Nice to see another 75 year old on here--I'm about 60 miles from Ar. border

    Bookmark   September 4, 2012 at 9:01AM
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Thanks for the info about soil preference. I think the soil on MO land is pretty deep ... will have to take a better look on this trip. The Rogers soil seems mostly thin and rocky ... trees thrive, including a large Black reality, I'll never live on the 8 acres ... investing for my children's inheritance. Really want to lure my kids away from CA, where the lifestyle our family values is getting harder to achieve and into the Ozarks, where unspoiled nature and sweet people abound. Have 2 settled in Ark and 2 more to go.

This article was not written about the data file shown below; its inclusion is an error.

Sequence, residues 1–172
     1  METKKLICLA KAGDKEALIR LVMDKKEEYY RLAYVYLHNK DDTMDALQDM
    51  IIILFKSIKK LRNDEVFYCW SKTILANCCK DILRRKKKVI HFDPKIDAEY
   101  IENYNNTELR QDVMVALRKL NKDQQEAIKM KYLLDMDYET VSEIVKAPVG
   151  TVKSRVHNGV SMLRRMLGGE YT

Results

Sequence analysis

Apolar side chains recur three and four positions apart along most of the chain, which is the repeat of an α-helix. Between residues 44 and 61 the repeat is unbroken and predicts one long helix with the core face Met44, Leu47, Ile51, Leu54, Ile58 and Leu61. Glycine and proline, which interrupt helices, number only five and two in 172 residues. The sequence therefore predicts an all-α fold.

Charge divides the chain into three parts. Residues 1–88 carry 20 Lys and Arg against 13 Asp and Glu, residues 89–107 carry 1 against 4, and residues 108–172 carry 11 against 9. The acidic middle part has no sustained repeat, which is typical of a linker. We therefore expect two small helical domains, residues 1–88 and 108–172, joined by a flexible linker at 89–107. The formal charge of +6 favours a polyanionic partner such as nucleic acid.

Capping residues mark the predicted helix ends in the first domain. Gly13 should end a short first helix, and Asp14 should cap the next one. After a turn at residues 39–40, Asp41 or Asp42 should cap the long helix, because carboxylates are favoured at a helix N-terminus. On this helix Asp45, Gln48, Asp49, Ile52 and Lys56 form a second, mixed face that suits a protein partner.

But in the meantime, I will get many imaginary miles from "planning" for improvement on those acres... I've already built a log cabin, planted orchards and great garden [imaginary gardens don't need tending, so can be reeeelly large]and have full complement of livestock [oh, if I were 40 again, I'd really do these things]...all fun aside, can't describe the pleasure those acres give me. And if I plant some pecans that my children will harvest, all the more pleasure to contemplate!

    Bookmark   September 4, 2012 at 10:50AM
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helenh(z6 SW MO)

If you do plant the pecans investigate the varieties suited to McDonald county and get ones that pollinate each other. The Extension people have a publication on that. Dreaming is a big part of the fun of gardening. I love my place and home is my favorite place to be. I think there is also a hickory that has bigger nuts. It wouldn't be as nice as a pecan but may work for the less than ideal locations. Many places in McDonald County do have more topsoil - like near Elk River.